4. Write It All Down.
Out comes the paper and pencil. I don’t think about the order, the time, or the significance. I just write. Everything I do, everything I am, everything I want. I write it all down … pages and pages of lists, fragments, thoughts, and goals in a jumbled heap of words.
After a time, some prayer, maybe some more sleep and a sandwich (writing makes me hungry), I look it all over. Is there a pattern? Do some things belong together? What doesn’t fit or doesn’t belong? A list begins to emerge.
Some questions I consider while brainstorming:
- How do I define success?
- What am I doing that I love?
- How do I find fulfillment?
- What are my current strengths, talents, and gifts?
- If I were to die today, what is one thing I will be glad I did or wish I had accomplished? (then expand to two things, then three things)
- What do people depend on me to accomplish for them? (then evaluate each: are these right expectations of me?)
- What is my legacy?
- How do I picture my life in 50 years? In 10 years? Next year? Am I living toward that now?
- What is my role within God’s economy (His kingdom, His Church, His creation)?
After writing a rough draft of my top 10 list, I pray some more.
5. Seek Counsel.
As private and personal as my list is, I at least share it with my husband, sometimes with another trusted counselor, too. I need an objective evaluation not of my process but of the product which will set my course over the foreseeable future. Did I forget something? Did I miss-sort it? Is this realistic?
6. Post the List.
My current priorities (written just this summer) are copied in my personal journal, posted on my bulletin board beside my desk, and inked on the front pages of my planner. I hand-write every copy of my priorities; the act of physically copying the ten helps me remember and personalize them.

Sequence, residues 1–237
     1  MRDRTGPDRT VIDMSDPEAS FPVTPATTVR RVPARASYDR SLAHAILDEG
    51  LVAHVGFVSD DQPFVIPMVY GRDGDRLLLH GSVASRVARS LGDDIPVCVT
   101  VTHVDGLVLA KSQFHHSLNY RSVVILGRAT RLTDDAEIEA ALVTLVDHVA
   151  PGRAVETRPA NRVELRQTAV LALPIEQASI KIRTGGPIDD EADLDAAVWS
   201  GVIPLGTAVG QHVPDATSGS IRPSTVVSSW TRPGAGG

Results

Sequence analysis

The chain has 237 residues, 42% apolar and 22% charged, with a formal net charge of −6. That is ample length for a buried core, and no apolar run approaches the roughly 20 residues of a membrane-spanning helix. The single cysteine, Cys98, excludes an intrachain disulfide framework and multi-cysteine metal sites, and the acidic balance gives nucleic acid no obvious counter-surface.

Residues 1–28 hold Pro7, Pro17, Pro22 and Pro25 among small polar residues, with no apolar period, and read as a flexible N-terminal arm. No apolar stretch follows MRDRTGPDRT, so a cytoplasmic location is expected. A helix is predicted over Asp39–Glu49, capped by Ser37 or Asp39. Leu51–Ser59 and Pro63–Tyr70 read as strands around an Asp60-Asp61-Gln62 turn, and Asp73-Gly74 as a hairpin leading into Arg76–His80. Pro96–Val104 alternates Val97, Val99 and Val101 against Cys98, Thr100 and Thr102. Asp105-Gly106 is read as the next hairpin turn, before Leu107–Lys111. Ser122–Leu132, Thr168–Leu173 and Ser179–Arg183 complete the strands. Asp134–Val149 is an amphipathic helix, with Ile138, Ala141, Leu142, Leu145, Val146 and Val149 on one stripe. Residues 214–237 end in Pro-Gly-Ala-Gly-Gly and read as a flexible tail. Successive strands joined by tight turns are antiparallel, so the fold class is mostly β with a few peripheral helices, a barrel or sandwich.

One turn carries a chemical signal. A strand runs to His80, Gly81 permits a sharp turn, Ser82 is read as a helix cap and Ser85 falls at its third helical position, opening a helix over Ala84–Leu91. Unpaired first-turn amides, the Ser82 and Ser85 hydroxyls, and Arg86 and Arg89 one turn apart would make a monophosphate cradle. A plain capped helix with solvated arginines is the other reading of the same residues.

7. Live the Priorities.
Every week I re-read my priorities. Sunday afternoon I relax with my planner, my homeschool planner, and my priorities to plan the family schedule, make my to-do lists, and generally look ahead. This is ensures I live out my priorities in the immediate future, no matter how chaotic the role juggling becomes.
I’ll discuss how to live your priorities within your weekly schedule later. Suffice it to say that establishing sound priorities is foundational to scheduling and handling periods of stress or emergency.
I’m not sharing with you my current top 10 for a reason. After seeing the Lord grow and change my priorities drastically over the past decade, I’ve come to the understanding that each person’s priorities are personal to their walk with God. Like me, you will want to evaluate how your marriage, your family, your homeschool, your extended relationships, your work, your care for yourself, and your relationship with God all fit within His divine will for your own life.
Have you recently re-evaluated your priorities?